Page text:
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Article
Publication date: 10 September 2020

Vincent Peters, Mervi Vähätalo, Bert Meijboom, Alice Barendregt, Levinus Bok and Esther de Vries

This study examines how modular interfaces manifest in multi-provider contexts and how they can improve coordination and customization of services. The aim of the study is…

Abstract

Purpose

This study examines how modular interfaces manifest in multi-provider contexts and how they can improve coordination and customization of services. The aim of the study is to describe interfaces in multi-provider contexts and elaborate on how they support the delivery of integrated patient care.

Design/methodology/approach

A qualitative, multiple case study was conducted in two multi-provider contexts in healthcare services: one representing paediatric Down syndrome care in the Netherlands and one representing home care for the elderly in Finland. Data collection involved semi-structured interviews in both contexts.

Findings

This study provides insight into several types of interfaces and their role in multi-provider contexts. Several inter- and intra-organizational situations were identified in which the delivery of integrated patient care was jeopardized. This study describes how interfaces can help to alleviate these situations.

Originality/value

This study deepens the understanding of interfaces in service modularity by describing interfaces in multi-provider contexts. The multi-provider contexts studied inspired to incorporate the inter-organizational aspect into the literature on interfaces in service modularity. This study further develops the typology for interfaces in modular services by adding a third dimension to the typology, that is, the orientation of interfaces.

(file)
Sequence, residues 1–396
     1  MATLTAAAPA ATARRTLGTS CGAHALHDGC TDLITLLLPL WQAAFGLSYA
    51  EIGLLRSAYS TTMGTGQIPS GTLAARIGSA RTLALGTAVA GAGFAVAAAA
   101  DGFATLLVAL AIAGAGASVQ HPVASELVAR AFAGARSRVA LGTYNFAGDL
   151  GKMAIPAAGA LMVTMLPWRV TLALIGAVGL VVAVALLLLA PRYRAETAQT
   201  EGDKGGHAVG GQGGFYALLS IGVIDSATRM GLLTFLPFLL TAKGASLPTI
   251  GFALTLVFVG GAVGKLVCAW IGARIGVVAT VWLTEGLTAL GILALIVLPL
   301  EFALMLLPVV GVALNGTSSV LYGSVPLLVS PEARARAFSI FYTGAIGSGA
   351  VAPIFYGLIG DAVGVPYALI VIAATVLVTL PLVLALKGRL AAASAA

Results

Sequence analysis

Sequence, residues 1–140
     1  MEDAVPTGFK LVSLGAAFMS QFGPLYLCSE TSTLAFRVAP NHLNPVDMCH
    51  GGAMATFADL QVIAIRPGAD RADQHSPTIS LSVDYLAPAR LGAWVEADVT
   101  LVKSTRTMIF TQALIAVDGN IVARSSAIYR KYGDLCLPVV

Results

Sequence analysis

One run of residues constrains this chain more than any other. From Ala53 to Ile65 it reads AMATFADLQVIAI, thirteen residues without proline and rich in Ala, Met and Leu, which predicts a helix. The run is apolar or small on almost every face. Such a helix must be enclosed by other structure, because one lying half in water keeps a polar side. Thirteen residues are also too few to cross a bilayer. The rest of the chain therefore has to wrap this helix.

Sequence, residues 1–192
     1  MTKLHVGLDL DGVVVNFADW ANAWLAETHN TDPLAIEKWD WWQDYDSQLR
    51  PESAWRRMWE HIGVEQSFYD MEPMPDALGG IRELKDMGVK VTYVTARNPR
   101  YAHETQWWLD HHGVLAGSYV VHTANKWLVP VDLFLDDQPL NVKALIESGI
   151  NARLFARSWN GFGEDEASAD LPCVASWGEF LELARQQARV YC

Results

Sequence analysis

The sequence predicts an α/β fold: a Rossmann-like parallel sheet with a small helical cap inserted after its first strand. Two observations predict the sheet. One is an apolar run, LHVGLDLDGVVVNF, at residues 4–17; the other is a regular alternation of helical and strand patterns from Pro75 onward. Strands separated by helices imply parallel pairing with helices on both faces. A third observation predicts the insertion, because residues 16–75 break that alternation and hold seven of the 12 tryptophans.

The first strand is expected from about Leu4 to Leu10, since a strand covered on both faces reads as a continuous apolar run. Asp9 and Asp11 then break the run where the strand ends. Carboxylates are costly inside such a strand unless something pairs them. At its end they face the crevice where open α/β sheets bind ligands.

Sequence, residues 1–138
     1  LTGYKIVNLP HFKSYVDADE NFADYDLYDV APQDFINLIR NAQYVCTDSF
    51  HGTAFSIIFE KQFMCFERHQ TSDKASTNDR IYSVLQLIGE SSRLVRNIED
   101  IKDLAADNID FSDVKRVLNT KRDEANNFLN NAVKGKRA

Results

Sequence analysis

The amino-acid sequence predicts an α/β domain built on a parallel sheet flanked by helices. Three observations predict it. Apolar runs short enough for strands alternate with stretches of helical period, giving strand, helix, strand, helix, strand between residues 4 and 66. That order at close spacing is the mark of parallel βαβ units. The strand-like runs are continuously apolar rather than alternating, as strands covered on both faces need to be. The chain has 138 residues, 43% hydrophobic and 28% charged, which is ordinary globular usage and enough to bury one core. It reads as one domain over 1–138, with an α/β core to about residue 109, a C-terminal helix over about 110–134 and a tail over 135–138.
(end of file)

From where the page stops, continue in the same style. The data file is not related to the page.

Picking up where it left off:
Details

International Journal of Operations & Production Management, vol. 40 no. 9
Type: Research Article
ISSN: 0144-3577

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Book part
Publication date: 16 October 2014

Denise C. Tahara and Richard P. Green

This paper proposes an organizational change process to prepare physicians and other health professionals for their new roles in patient-centered medical homes (PCMHs). It…

Abstract

Purpose

This paper proposes an organizational change process to prepare physicians and other health professionals for their new roles in patient-centered medical homes (PCMHs). It provides physician-centered tools, models, concepts, and the language to implement transformational patient-centered medical care.

Design/methodology/approach